Most colorectal adenomas and carcinomas arise in the setting of chromosomal instability characterized by progressive loss of heterozygosity. In contrast, approximately 15-20% of colorectal neoplasms arise through a distinct genetic pathway characterized by microsatellite instability (MSI) associated with frequent loss of expression of one of the DNA mismatch repair enzymes, most often hMLH1 or hMSH2. These distinct genetic pathways are reflected by differences in tumor histopathology, distribution in the colon, prognosis, and dwell time required for progression from adenoma to carcinoma. To determine whether these two groups of tumors differ in their expression of cyclooxygenase-2 (COX-2), a putative chemopreventative target, immunostaining for this protein was performed in colorectal cancers categorized by the presence (n=41) and absence (n=66) of defective mismatch repair. Defective mismatch repair was defined by the presence of tumor microsatellite instability (MSI-H, ≥40% of markers demonstrating instability) and by the absence of protein expression for either hMLH1 or hMSH2. Overall, our results showed that low or absent COX-2 staining was significantly more common among tumors with defective mismatch repair (P=0.001). Other features predictive of low COX-2 staining included marked tumor infiltrating lymphocytosis, and solid/cribiform or signet ring histological patterns. These observations indicate that colorectal cancers with molecular and phenotypic characteristics of defective DNA mismatch repair express lower levels of COX- 2. The clinical implications of this biological distinction remain unknown but should be considered when assessing the efficacy of COX-2 inhibitors for chemoprevention in patients whose tumors may arise in the setting of defective DNA mismatch repair.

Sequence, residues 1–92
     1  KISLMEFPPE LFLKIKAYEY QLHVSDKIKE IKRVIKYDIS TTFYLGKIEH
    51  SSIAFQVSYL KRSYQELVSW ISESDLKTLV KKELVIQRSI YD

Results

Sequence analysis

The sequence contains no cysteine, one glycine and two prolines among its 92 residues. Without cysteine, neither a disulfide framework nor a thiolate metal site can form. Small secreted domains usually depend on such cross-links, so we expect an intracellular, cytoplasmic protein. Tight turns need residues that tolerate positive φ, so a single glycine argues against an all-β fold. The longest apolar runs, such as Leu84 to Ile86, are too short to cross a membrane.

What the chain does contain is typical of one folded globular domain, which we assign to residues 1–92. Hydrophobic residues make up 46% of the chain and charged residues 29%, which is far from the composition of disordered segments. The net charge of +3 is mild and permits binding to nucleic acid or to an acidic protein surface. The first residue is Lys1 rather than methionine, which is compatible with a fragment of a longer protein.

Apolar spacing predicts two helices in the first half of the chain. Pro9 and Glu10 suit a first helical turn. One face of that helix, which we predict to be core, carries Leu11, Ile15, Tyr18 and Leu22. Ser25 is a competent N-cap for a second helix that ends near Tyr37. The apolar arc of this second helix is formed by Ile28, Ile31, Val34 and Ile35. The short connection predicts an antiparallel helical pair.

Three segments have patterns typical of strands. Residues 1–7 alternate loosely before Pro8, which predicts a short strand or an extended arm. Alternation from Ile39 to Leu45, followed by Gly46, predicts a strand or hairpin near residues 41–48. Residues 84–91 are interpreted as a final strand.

|Original language||English (US)|
|Number of pages||5|
|State||Published - Dec 1 1998|
ASJC Scopus subject areas
- Cancer Research